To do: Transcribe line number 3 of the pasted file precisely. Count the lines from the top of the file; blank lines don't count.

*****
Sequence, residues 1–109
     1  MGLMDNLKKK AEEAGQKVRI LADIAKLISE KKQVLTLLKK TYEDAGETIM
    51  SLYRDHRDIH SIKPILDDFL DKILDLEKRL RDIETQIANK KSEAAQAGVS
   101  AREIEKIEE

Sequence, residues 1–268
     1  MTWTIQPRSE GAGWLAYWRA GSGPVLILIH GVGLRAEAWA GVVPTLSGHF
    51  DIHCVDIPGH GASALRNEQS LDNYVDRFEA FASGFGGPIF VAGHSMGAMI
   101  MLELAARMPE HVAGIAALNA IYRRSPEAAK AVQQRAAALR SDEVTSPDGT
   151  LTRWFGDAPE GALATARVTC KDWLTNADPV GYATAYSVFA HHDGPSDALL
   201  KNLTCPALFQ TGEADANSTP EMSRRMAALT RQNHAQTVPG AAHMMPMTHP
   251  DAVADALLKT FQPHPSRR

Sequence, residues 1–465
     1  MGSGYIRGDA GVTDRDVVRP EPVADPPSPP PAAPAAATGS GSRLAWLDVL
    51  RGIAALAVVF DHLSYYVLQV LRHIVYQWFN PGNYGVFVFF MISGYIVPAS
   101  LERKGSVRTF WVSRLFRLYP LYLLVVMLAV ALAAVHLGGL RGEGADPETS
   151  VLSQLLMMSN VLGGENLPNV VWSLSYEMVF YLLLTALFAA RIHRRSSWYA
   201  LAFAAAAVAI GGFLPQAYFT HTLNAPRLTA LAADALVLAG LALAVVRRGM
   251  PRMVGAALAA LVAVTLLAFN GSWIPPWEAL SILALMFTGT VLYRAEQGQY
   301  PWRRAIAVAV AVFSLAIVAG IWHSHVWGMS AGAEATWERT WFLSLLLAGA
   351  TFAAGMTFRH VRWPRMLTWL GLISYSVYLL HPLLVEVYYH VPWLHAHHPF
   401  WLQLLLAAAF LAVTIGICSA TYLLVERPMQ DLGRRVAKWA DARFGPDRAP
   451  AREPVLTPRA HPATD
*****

    51  SLYRDHRDIH SIKPILDDFL DKILDLEKRL RDIETQIANK KSEAAQAGVS